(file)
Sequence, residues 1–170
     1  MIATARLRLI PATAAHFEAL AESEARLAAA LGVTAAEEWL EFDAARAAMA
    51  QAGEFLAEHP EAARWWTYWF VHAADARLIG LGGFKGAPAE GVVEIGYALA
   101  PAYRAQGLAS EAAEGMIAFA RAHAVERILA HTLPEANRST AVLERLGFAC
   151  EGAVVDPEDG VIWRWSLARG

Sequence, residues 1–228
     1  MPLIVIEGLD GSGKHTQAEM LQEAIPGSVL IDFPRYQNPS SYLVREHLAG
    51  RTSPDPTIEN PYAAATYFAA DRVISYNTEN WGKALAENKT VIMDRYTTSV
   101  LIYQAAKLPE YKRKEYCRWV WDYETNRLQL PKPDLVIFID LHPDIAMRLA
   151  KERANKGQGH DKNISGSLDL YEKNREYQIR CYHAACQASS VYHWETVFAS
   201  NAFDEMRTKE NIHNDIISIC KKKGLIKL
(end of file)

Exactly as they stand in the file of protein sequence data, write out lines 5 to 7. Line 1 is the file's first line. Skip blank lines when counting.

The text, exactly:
   151  EGAVVDPEDG VIWRWSLARG

Sequence, residues 1–228
     1  MPLIVIEGLD GSGKHTQAEM LQEAIPGSVL IDFPRYQNPS SYLVREHLAG